Toronto police union wants Pride funding pulled

  1. If you’re going to bite the hand, don’t expect it to feed you.

  2. Historically, police and gay communities everywhere, to put it mildly, have often not seen eye-to-eye on many issues. Not so long ago, members of the police force actively harassed, intimidated, beat and jailed members of the gay community. It’s understandable if there are present members of the gay community, in Toronto, and elsewhere, who do not see police officers as their allies. While efforts have been made to build bridges, there is still a lot of work to be done. As someone who does not see the police as, necessarily, “our friends”, I felt very uncomfortable and intimidated by the strong police presence at last year’s Toronto Pride. At the intersection of Church and Carlton Streets, several area police forces had set up booths, all in a row, across from their many police vehicles. It was an area I did not want to be in, and considering it was Pride, and I wanted to experience a pleasant time, I was saddened that the police presence was so blatantly obvious.

    Members of the police force have not been banned from participating in Toronto Pride. They are welcome to participate as every other individual citizen is welcome to participate. They have been asked not to have floats in the parade, and that decision has been made to create an environment where people who have not always been comfortable or felt welcome at Pride can feel included. The police will be there for sure. After all, they do a great job most of the time at what they are paid to do – police the event, as do the firefighters who work that day, the paramedics, and the thousands of unpaid volunteers.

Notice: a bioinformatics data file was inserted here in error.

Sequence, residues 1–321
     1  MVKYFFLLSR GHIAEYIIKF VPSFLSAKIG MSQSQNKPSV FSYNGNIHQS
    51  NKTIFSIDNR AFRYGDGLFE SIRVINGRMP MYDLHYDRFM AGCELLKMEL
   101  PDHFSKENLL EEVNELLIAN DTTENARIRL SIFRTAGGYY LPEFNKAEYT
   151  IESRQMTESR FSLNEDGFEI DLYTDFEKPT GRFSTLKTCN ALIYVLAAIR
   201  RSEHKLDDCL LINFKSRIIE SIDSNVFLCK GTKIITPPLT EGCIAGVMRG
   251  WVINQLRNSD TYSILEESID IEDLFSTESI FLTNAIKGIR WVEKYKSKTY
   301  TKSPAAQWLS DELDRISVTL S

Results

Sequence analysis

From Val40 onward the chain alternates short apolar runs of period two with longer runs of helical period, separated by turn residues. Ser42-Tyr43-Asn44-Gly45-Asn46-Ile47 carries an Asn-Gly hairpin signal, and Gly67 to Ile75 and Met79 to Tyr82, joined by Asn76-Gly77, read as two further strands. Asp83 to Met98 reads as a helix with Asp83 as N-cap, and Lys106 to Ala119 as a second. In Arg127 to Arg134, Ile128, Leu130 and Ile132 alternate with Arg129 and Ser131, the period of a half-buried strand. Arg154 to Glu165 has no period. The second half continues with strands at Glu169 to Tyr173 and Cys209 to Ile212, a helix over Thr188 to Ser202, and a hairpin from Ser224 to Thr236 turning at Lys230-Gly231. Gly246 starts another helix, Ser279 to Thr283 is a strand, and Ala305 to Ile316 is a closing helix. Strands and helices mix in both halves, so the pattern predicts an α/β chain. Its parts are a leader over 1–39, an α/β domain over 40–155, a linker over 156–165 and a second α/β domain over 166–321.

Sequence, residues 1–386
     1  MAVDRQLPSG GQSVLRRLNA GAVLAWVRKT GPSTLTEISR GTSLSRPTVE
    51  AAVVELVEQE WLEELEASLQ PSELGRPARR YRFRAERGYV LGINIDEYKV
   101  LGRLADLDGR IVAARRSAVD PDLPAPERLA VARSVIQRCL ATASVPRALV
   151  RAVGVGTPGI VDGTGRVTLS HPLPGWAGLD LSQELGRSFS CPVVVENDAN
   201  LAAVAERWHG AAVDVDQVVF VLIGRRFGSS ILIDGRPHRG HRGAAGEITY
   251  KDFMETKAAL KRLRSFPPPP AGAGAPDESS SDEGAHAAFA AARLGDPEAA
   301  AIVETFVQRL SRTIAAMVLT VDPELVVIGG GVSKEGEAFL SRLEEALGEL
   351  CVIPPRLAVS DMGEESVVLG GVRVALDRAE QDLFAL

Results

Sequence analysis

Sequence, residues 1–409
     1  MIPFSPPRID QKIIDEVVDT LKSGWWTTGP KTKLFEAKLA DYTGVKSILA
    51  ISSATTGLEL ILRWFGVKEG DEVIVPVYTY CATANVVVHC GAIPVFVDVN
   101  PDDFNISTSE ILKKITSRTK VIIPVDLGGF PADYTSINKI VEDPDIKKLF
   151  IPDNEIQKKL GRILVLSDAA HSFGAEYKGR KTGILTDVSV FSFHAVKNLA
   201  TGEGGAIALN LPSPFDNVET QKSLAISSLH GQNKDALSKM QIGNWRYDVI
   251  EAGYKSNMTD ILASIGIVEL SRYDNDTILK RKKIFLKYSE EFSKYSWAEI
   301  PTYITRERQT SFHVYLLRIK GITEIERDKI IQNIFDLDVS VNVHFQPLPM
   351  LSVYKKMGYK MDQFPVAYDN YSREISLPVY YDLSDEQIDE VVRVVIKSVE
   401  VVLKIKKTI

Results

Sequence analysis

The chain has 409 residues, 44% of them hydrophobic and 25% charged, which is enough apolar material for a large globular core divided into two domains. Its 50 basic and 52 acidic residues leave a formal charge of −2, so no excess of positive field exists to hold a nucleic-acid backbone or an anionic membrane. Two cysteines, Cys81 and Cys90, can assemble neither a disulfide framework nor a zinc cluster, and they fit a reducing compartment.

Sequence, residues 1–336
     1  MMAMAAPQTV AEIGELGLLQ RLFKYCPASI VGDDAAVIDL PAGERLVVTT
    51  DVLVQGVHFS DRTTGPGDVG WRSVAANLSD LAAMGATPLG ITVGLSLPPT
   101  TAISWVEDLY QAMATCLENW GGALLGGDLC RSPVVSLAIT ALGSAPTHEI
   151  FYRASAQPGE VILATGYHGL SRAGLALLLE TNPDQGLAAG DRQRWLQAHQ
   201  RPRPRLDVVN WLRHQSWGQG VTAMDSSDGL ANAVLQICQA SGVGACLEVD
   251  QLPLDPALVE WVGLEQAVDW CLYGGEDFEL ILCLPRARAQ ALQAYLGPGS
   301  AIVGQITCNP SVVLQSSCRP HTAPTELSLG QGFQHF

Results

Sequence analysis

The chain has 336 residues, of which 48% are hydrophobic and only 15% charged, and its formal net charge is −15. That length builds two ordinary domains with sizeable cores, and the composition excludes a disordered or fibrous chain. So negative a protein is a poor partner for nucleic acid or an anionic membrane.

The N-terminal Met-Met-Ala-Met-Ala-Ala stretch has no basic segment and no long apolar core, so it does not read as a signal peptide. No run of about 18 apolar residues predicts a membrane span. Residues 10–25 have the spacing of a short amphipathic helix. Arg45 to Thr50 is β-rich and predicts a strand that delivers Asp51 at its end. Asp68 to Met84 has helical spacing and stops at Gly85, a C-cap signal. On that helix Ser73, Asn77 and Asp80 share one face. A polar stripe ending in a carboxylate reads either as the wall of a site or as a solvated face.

The timing of this letter from the police union is interesting, coinciding with some on city council calling for Pride to be defunded by the city. Sounds more like politics and a money-saving effort, than “hurt feelings” by some on the police force’s special committee, who may not be able to staff a float in the parade but can certainly continue to participate.

  3. While I can understand that some people have had bad experiences with the police, it seems an odd way to try to build a better relationship by telling them that the efforts they are making to reach out to the LGBT community aren’t going to be permitted. This is even stranger when some of the police participating in the parade are themselves members of the LGBT community.
    I agree that it would be very strange for a municipality to sponsor, to the tune of a quarter of a million dollars, an activity that doesn’t welcome their participation in the event. They are saying that the city can still send EMS staff to protect the parade’s participants by providing the services they’re mandated to do and would do at any major event whether or not they sponsored it. That’s hardly a ‘concession’ on the part of Toronto Pride.